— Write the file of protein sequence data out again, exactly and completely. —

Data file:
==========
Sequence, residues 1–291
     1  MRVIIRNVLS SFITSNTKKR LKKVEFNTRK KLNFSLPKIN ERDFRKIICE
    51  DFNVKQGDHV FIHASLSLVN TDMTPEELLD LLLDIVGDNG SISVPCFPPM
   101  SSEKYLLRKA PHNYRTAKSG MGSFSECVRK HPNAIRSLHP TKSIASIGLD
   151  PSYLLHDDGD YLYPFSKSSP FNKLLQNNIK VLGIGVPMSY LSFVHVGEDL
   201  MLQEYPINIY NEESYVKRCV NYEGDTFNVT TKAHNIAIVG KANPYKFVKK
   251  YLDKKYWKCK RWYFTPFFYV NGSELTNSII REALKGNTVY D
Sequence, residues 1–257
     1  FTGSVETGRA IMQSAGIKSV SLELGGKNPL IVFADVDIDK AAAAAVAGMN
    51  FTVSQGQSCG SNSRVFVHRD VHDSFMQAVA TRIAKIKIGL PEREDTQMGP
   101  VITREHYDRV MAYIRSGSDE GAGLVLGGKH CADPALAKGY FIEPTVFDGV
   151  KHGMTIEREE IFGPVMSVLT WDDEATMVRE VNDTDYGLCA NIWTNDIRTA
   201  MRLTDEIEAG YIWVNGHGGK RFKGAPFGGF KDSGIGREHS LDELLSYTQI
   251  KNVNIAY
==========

Sequence, residues 1–291
     1  MRVIIRNVLS SFITSNTKKR LKKVEFNTRK KLNFSLPKIN ERDFRKIICE
    51  DFNVKQGDHV FIHASLSLVN TDMTPEELLD LLLDIVGDNG SISVPCFPPM
   101  SSEKYLLRKA PHNYRTAKSG MGSFSECVRK HPNAIRSLHP TKSIASIGLD
   151  PSYLLHDDGD YLYPFSKSSP FNKLLQNNIK VLGIGVPMSY LSFVHVGEDL
   201  MLQEYPINIY NEESYVKRCV NYEGDTFNVT TKAHNIAIVG KANPYKFVKK
   251  YLDKKYWKCK RWYFTPFFYV NGSELTNSII REALKGNTVY D
Sequence, residues 1–257
     1  FTGSVETGRA IMQSAGIKSV SLELGGKNPL IVFADVDIDK AAAAAVAGMN
    51  FTVSQGQSCG SNSRVFVHRD VHDSFMQAVA TRIAKIKIGL PEREDTQMGP
   101  VITREHYDRV MAYIRSGSDE GAGLVLGGKH CADPALAKGY FIEPTVFDGV
   151  KHGMTIEREE IFGPVMSVLT WDDEATMVRE VNDTDYGLCA NIWTNDIRTA
   201  MRLTDEIEAG YIWVNGHGGK RFKGAPFGGF KDSGIGREHS LDELLSYTQI
   251  KNVNIAY